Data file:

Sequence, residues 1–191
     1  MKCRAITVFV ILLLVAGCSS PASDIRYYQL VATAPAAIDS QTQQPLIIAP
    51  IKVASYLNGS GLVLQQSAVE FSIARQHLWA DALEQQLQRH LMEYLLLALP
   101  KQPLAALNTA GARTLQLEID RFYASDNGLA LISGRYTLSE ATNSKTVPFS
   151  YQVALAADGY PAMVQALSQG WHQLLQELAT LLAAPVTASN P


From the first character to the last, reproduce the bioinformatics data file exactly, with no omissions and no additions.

Sequence, residues 1–191
     1  MKCRAITVFV ILLLVAGCSS PASDIRYYQL VATAPAAIDS QTQQPLIIAP
    51  IKVASYLNGS GLVLQQSAVE FSIARQHLWA DALEQQLQRH LMEYLLLALP
   101  KQPLAALNTA GARTLQLEID RFYASDNGLA LISGRYTLSE ATNSKTVPFS
   151  YQVALAADGY PAMVQALSQG WHQLLQELAT LLAAPVTASN P